A perfectly cooked chicken breast. BUT HOW?
Raw chicken is absolutely disgusting. The bone-in, skin-on cuts are a complete horror show, but frankly, any raw chicken is gross. A plain old raw chicken breast sitting there all slimy, pale pink and… hold up… gulp… I need to change the subject.
If I was in charge, I’d live life as if raw chicken didn’t even exist, but I married the one person in the world worse at cooking than myself. (Love you, Kelly.) So I’ve spent most of my adult life trying to avoid touching the stuff while also trying to prepare it deliciously for my growing family. And up until recently, I was failing. I was usually over cooking it because uncooked chicken is terrifying, and no matter what I did, it just never came close to restaurant-quality chicken. But LO!
Enter sous vide. Perhaps you’ve heard of it; perhaps you haven’t. Today, though, I’m going to explain what it is and show you how to do it inexpensively.
What is sous vide?
Properly cooked chicken is delicious and it hits on nearly every millennial dieting craze. It’s low-carb and high-protein… and potentially free-range, locally sourced and ethically clucked. (Have I mentioned that my little brother is a chicken farmer? He’s going to think I’m a complete wuss if he reads this.) But yeah: it’s the perfect food! To boot, it’s inexpensive and freezes without quality loss.
And it tastes incredible when you use a particular technique to cook it.
Yes, this is that weird plastic bag cooking machine and no, the plastic isn’t going to poison you. Sous vide is French for under vacuum and I agree that it’s a terrible name for this method of cooking. In my opinion, it should be called a water oven. “Water oven” is such a dope name. It sparks intrigue! “Sous vide” just sparks confusion. And definitely no joy.
The benefits of Sous vide include super simple “prep, set and forget” capabilities and delicious results. Just hear me out, okay?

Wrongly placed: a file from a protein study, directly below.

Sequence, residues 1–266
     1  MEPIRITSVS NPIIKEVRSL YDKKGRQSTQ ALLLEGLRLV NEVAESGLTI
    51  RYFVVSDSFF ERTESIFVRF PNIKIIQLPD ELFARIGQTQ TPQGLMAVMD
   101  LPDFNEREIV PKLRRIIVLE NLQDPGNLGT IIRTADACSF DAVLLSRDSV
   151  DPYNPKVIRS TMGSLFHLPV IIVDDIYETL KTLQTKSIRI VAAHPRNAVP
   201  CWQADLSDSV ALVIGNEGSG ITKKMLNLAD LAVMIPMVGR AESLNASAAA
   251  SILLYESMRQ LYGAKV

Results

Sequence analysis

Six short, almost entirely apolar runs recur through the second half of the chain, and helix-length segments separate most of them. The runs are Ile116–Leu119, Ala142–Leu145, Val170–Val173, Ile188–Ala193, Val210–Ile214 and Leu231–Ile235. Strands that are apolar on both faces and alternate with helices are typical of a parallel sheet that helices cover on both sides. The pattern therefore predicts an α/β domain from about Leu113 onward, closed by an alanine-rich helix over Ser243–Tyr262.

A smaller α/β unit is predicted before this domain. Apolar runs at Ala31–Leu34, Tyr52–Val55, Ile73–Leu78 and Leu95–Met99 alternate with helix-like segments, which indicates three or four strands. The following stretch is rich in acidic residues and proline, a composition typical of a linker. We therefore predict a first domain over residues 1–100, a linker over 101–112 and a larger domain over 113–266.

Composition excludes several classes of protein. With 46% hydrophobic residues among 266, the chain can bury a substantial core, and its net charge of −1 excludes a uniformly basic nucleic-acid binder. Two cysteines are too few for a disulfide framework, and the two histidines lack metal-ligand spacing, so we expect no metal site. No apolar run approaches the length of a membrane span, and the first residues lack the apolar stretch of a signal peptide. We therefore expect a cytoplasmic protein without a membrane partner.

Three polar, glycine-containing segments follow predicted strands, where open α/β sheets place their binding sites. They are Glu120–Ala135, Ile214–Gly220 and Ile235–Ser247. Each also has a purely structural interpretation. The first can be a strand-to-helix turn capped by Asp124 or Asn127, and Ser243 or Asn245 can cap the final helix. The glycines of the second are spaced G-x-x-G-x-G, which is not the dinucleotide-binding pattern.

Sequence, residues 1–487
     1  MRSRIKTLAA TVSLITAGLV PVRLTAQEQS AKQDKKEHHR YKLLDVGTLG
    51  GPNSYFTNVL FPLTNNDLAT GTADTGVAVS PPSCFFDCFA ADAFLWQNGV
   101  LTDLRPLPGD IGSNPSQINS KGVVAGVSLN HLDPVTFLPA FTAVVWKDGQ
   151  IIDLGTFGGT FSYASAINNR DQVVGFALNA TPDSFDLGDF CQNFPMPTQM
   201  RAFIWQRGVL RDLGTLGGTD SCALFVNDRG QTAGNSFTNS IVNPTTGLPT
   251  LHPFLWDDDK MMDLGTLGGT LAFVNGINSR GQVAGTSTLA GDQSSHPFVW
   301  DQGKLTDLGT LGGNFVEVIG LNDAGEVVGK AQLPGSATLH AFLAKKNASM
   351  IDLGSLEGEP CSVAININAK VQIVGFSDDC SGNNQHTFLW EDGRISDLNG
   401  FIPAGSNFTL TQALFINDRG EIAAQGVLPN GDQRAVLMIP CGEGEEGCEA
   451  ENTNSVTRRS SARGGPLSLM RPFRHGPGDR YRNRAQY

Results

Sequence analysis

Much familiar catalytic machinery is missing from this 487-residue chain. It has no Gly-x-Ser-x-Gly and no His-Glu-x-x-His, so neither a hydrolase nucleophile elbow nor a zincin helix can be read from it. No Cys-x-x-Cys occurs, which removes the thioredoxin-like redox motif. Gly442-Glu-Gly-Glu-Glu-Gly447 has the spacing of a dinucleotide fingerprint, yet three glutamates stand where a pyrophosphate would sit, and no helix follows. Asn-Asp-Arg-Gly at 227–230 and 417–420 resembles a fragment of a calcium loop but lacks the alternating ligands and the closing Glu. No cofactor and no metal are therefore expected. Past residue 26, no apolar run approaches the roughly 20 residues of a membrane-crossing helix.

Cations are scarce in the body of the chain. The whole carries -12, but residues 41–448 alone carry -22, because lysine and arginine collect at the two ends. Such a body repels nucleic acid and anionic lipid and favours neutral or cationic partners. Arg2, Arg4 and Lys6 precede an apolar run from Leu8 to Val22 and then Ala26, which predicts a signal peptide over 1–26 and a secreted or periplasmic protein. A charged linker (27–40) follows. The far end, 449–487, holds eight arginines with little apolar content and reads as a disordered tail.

When cooking traditionally, we typically annihilate our food with high temperatures in the hopes of raising internal temps to a desirable range. Whether you’re pan-frying a steak, grilling a burger, or roasting a Thanksgiving turkey, what you often end up with is a stressed chef, a messy kitchen and overcooked meat. And if you’re anything like me and your phone buzzes after you put dinner on the stove and then your daughter spills paint all over the table which isn’t that big of a deal because I want her to be creative and I’m not mad but it’s just a huge mess oh no Noodle needs to go outside it’s fine I’ll clean up the paint when I get back oh crap the kitchen’s on fire, you could probably use a little help.
Sous vide cooking solves all these problems.
Yes, it looks bizarre. Yes, you’ll need a thermal immersion circulator which is totally dorky. And yes, your wife will make fun of you the whole time. But the benefits outweigh the costs. The Sous vide method of cooking brings the entire cut of meat to optimal temperature without any overcooking and very little effort on the chef’s part. It can turn a frozen chicken breast into a restaurant-quality meal with about 30 seconds of prep time. There’s no other way to put it: it’s miraculous.
Mitch’s step-by-step (day-by-day 🎶) sous vide guide
- Buy meat.
- Put meat in a ziplock freezer bag (Must be “freezer” bag.)
- Mix your best spices and marinade or whatever in the bag. (I used Italian dressing, Herb de Province and black pepper here.)
- Remove the air from the bag like this.
- Place bag and immersion cooker in a water basin.
- Set your temperature and walk away, Homey.
- Come back when you’re hungry.
- Sear meat to taste.
The chicken you see here took about 30 seconds to prepare. It bathed in the cooker for three hours at 150 degrees while I was running errands, and it seared in a skillet for a minute per side. (And yes, I changed my shirt during this time because Emma spilled milk all over me.) The meat came out perfectly cooked throughout with no overdone or underdone sections, and the result is the ideal chicken breast with top-notch texture and flavor in each bite. Reduce the drippings over medium heat on the stove as a glaze, and I’m telling you, the result will drop your jaw.
On first bite, Kelly went into a bit of a delirium. Granted, she’s pregnant and is loving food lately, but she literally said, “This is RESTAURANT-QUALITY CHICKEN, MITCH!” Not pictured in this post is the whole family devouring this chicken breast in the middle of the kitchen. It was weird but oh so good.
Noodle wants to know whether you’re convinced yet. Also, she would like
a bite all the chicken.
I really can’t tell you how much I love sous vide. Heck, I wrote a whole post on my wife’s blog about it. But really: it’s a great way to get a home-cooked meal on the table if you’re short on time or would rather be spending your time with friends, your significant other or your family. It’s also very fun if you’re into gadgets like I am. :)
I hope you try it! Here’s everything you need. The cooker that I’m using is a couple of years old, which is why it’s not available via Prime, but I’ve linked to the newer versions above. Let me know if you guys have any questions; happy to help!